Their detailed maps show the ‘local’ cosmos out to a distance of 600 million light years, identifying all the major superclusters of galaxies and voids. They also provide important clues regarding the distribution of the mysterious ‘dark matter’ and ‘dark energy’ which are thought to account for up to 96% of the apparent mass of the Universe.
The reconstructed density fields in the supergalactic coordinates (SGX, SGY). In this coordinate system, the equator is aligned with the Virgo Cluster, Great Attractor and Perseus-Pisces superclusters. The main overdensities are Hydra-Centaurus (centre-left), Perseus-Pisces (centre-right), Shapley Concentration (upper left), Coma (upper-middle).
Within this vast volume, the most massive galaxy supercluster is 400 million light years away. It was named after its identifier, the American astronomer Harlow Shapley. The Shapley supercluster is so big that it takes light at least 20 million years to travel from its one end to the other. However, Shapley is not the only massive supercluster in our vicinity.
The Great Attractor supercluster, which is three times closer than Shapley, plays a bigger role in the motion of our Galaxy. According to the team, our Milky Way galaxy, its sister galaxy Andromeda and other neighbouring galaxies are moving towards the Great Attractor at an amazing speed of about a million miles per hour. The researchers also established that the Great Attractor is indeed an isolated supercluster and is not part of Shapley.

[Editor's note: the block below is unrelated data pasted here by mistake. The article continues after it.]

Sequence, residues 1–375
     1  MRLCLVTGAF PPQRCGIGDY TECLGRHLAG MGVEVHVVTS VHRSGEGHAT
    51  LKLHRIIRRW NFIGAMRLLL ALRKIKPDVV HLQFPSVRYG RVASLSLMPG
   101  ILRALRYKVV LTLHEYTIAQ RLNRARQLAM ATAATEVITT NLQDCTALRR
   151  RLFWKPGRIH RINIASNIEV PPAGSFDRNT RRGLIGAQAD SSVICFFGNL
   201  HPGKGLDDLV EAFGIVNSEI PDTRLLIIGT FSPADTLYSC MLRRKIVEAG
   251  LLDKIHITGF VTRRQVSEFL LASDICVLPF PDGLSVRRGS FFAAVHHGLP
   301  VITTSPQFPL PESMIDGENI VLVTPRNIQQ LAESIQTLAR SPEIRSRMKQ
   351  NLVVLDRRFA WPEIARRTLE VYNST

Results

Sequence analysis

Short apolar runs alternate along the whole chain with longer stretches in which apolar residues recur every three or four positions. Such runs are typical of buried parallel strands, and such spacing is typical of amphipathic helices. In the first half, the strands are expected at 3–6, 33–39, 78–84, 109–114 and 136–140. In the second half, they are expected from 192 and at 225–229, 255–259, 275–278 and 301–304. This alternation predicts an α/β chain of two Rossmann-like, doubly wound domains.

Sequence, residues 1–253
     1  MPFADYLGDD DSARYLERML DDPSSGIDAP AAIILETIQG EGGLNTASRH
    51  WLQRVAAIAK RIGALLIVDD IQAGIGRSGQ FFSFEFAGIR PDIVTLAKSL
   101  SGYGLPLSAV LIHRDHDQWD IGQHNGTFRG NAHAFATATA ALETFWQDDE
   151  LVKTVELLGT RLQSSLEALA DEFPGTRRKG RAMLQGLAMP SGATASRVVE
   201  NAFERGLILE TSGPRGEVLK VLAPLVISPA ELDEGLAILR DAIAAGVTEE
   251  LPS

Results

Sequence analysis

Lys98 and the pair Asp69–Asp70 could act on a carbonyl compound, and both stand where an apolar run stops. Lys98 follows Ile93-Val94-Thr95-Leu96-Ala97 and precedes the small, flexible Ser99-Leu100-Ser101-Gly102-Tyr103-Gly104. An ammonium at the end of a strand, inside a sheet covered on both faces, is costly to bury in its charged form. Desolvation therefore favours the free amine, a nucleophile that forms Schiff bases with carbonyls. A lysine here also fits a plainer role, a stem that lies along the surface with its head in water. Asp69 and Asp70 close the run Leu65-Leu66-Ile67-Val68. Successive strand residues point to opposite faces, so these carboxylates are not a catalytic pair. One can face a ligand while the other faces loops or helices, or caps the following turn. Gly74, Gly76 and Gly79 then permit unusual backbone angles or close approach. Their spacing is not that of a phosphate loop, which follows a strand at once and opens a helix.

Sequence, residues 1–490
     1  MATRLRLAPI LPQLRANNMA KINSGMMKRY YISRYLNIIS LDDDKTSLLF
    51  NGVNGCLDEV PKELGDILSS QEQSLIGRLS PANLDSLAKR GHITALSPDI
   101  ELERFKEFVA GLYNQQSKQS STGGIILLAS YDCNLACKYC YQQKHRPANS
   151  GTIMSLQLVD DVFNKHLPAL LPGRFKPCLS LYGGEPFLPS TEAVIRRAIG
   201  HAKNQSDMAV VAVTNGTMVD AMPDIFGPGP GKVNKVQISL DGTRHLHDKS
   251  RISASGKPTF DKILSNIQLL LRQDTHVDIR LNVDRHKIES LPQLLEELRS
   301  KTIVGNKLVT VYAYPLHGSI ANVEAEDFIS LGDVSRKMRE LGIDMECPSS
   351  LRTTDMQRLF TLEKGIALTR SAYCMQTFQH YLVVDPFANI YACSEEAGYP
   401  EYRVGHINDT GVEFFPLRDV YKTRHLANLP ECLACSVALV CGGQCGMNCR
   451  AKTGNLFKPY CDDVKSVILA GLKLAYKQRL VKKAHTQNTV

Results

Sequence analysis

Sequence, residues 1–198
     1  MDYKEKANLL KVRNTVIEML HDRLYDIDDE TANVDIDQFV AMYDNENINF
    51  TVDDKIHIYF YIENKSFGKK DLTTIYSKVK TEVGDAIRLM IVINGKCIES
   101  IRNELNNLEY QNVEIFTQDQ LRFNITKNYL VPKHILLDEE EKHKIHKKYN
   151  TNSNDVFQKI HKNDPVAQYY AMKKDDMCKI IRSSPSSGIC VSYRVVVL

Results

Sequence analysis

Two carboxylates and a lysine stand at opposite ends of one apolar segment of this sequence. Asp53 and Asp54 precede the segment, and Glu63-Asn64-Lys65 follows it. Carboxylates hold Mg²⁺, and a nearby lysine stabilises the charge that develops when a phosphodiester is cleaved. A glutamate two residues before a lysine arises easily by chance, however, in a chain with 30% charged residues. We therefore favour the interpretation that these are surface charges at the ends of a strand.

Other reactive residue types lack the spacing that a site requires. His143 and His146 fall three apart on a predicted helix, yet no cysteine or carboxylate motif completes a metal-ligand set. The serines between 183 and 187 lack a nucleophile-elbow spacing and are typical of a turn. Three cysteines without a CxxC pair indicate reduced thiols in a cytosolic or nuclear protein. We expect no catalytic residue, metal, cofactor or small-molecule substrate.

The new maps are based on the observation that, as the Universe expands, the colours of galaxies change as their emitted light waves are stretched or “redshifted”. By measuring the extent of this redshift, astronomers are able to calculate approximate distances to galaxies.
The new survey, known as the 2MASS Redshift Survey (2MRS), has combined two dimensional positions and colours from the Two Micron All Sky Survey (2MASS), with redshifts of 25,000 galaxies over most of the sky. These redshifts were either measured specifically for the 2MRS or they were obtained from an even deeper survey of the southern sky, the 6dF Galaxy Redshift Survey (6dFGS).
The great advantage of 2MASS is that it detects light in the near-infrared, at wavelengths slightly longer than the visible light. The near-infrared waves are one of the few types of radiation that can penetrate gases and dust and that can be detected on the Earth’s surface. Although the 2MRS does not probe as deeply into space as other recent narrow-angle surveys, it covers the entire sky.
Galaxy redshift surveys are only able to detect luminous matter. This luminous matter accounts for no more than a small fraction of the total matter in the Universe. The remainder is composed of a mysterious substance called ‘dark matter’ and an even more elusive component named ‘dark energy’.
“We need to map the distribution of dark matter rather than luminous matter in order to understand large-scale motions in our Universe,” explained Dr. Pirin Erdogdu (Nottingham University), lead author of the paper. “Fortunately, on large scales, dark matter is distributed almost the same way as luminous matter, so we can use one to help unravel the other.”
Her collaborator, Dr. Thomas Jarrett from Caltech, added, “The other advantage of observing in the near-infrared wavelength is the fact that it traces directly the luminous matter, and thus the dark matter, as well.”
“Our nearly two decade effort has produced the absolute best ever map of the nearby Universe,” said Prof. John Huchra of Harvard University. “With this we hope to elucidate the nature and disposition of dark matter and understand much, much more about our cosmological model and about galaxies themselves.”